Most Active Stories
- Le Show For July 20, 2014
- Jazz Composer Jerome Theriot Celebrates New Release; Cat On A Hot Tin Roof; Hurray For The Riff Raff
- Fishermen And Retailers Go High-Tech For Authentic Gulf Seafood
- State Representative In New Orleans East Sounds Call Over Coastal Erosion
- Short-Term Rental Stakeholders All Agree On One Thing: Current Law Inadequate
Wed October 24, 2012
Planet Money: How To Fix The Patent Mess
Originally published on Wed October 24, 2012 7:47 am
Two big patent cases this summer in the smartphone industry:
1. A jury finds that Samsung violated Apple's patents, and orders Samsung to pay Apple $1 billion.
2. A judge throws out a case between Apple and Motorola (now owned by Google). The judge goes on to write an article in the Atlantic arguing that there are too many patents in America, and lots of industries could probably get along fine with no patents at all.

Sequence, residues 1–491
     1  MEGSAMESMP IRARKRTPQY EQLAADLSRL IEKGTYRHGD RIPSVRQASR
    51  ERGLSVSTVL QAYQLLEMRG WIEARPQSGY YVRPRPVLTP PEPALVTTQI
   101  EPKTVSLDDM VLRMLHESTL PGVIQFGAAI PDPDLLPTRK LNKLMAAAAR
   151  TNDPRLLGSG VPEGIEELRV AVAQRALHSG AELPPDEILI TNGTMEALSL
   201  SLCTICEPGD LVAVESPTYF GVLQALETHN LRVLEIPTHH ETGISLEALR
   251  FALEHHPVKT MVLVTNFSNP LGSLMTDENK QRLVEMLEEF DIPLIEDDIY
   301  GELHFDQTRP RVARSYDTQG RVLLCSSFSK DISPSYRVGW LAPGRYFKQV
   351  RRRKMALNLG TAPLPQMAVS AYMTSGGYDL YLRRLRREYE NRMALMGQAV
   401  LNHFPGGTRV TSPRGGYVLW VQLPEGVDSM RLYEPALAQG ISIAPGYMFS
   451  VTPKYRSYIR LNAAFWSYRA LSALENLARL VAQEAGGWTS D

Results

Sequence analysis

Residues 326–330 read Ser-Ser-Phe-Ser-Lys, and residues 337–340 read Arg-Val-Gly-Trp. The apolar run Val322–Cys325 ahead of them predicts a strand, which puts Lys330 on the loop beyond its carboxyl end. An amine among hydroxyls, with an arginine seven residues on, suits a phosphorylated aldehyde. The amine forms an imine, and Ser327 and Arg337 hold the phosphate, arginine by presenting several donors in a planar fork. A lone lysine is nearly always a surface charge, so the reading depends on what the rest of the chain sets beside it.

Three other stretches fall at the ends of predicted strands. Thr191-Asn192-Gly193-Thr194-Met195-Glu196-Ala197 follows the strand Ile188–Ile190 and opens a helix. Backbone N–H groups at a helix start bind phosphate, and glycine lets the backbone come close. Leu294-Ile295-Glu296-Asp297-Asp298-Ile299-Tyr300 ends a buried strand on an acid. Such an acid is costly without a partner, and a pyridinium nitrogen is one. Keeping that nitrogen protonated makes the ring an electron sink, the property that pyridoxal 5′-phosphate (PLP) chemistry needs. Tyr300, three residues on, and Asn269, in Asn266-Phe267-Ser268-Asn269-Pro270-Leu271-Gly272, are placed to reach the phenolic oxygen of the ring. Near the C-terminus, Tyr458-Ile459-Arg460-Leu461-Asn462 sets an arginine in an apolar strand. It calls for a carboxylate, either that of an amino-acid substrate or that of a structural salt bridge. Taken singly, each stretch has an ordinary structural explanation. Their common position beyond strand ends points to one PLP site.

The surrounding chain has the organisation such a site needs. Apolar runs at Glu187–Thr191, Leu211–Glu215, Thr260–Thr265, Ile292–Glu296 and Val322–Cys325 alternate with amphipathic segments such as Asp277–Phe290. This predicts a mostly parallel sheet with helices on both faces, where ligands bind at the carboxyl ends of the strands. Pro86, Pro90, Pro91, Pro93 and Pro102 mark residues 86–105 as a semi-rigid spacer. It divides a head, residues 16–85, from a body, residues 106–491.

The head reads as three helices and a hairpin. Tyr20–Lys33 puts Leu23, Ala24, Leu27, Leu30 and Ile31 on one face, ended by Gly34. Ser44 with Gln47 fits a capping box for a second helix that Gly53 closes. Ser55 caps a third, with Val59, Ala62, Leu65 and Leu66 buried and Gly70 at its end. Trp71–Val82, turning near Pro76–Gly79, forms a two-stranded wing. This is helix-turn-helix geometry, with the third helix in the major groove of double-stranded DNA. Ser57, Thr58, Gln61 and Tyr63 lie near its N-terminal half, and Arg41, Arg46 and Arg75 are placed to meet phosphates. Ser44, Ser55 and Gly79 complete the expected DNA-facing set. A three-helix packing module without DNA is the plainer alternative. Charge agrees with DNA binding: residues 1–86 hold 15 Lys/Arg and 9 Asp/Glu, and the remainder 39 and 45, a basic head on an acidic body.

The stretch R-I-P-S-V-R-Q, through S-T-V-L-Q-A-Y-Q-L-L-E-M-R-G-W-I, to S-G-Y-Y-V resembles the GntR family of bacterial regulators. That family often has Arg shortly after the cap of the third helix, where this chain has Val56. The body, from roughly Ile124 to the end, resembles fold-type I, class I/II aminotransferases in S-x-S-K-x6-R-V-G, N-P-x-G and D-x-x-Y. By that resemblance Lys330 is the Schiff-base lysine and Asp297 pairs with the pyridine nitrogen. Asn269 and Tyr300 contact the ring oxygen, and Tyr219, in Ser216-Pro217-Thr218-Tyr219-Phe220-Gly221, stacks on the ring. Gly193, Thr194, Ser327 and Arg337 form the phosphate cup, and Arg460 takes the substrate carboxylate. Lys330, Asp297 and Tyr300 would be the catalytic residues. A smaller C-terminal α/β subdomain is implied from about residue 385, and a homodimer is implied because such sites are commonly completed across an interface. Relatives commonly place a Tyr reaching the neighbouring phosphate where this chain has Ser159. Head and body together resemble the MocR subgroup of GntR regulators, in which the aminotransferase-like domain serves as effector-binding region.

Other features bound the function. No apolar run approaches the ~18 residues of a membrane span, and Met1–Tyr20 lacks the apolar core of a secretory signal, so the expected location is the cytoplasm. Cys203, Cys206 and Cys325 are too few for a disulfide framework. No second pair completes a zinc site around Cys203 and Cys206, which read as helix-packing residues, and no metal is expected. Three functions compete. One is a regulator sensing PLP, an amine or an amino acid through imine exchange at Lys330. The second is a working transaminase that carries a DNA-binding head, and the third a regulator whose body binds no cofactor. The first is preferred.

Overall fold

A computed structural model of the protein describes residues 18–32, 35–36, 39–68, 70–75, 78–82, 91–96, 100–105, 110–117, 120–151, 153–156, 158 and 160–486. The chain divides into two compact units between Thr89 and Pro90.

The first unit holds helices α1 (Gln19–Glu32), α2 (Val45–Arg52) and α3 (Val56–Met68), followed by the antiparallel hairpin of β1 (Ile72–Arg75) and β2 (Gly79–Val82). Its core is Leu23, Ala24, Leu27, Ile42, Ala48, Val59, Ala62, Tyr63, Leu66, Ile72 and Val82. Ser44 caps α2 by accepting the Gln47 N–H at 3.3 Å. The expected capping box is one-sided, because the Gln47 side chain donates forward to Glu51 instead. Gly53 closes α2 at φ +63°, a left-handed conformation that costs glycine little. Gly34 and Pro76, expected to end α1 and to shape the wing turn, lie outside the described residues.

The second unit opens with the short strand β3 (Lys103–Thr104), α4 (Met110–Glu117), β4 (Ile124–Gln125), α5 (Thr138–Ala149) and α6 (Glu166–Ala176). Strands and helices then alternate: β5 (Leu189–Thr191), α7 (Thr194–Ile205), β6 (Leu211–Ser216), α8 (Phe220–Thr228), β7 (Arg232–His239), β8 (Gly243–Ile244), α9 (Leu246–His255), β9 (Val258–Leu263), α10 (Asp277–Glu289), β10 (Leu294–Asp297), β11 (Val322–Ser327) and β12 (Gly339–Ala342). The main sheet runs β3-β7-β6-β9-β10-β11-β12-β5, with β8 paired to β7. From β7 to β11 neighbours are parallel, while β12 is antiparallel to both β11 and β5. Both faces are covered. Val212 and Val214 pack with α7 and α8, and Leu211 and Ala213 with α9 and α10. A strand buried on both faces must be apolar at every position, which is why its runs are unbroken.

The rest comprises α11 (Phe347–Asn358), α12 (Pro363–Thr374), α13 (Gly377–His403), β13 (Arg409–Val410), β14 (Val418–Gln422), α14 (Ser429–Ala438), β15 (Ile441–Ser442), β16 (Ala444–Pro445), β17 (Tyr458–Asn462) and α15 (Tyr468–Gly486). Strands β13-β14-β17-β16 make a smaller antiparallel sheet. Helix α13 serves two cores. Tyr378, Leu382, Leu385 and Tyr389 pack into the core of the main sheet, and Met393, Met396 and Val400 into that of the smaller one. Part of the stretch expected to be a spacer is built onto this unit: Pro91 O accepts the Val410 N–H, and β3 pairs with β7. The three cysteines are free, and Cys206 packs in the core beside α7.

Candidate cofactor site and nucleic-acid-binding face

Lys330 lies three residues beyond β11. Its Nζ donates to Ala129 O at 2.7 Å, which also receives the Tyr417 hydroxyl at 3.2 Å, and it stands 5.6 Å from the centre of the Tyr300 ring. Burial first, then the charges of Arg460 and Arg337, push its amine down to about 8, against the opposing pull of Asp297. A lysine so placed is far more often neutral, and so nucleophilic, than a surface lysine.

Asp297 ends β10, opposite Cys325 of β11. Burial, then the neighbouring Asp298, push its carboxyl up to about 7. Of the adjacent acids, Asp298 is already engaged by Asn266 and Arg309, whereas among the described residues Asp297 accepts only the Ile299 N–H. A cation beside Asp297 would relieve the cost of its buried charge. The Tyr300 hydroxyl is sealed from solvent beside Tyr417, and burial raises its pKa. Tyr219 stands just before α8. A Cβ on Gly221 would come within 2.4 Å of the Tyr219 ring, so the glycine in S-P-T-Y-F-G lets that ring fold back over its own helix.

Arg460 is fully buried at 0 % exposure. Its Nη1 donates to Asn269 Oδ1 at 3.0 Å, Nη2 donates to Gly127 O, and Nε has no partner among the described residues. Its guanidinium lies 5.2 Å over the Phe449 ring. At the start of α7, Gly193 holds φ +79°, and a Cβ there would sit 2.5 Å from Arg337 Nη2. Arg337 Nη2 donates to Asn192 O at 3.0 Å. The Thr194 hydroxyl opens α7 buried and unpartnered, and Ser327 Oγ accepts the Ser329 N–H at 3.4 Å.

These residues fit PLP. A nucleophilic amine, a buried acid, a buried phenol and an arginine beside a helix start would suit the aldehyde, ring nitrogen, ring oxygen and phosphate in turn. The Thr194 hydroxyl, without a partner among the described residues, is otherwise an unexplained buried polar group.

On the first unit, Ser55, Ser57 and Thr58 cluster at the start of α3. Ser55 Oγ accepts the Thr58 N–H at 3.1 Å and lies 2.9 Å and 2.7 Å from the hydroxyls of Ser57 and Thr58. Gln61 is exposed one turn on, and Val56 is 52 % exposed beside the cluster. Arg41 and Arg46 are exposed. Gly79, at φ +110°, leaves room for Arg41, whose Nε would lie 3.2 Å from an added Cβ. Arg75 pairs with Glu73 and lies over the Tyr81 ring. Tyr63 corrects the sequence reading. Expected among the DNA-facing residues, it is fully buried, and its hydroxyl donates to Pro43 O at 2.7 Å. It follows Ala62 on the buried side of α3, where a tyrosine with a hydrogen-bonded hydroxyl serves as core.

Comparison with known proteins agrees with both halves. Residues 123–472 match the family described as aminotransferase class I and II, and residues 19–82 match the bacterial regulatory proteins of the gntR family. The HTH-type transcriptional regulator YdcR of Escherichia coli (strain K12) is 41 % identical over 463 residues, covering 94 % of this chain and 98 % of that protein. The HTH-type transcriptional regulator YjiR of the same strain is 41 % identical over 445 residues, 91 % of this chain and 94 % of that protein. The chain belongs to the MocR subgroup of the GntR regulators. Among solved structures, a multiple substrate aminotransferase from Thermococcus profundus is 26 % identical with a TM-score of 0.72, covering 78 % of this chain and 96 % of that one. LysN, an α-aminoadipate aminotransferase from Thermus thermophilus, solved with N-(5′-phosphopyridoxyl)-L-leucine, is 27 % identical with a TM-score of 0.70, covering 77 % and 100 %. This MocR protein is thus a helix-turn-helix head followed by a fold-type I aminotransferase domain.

These radically different rulings were just the latest reminder that the world of software patents is a mess. Big companies that should be focused on inventing the next great thing are instead spending billions of dollars buying up patents and suing each other. Small companies have to worry that someone with some random patent is going to sue them and shut them down.
On today's show, we talk with Mark Lemley, who has some ideas for fixing the patent mess. Lemley is a professor at Stanford law school and an expert on software patents. Lemley also works for clients in the private sector, including Google.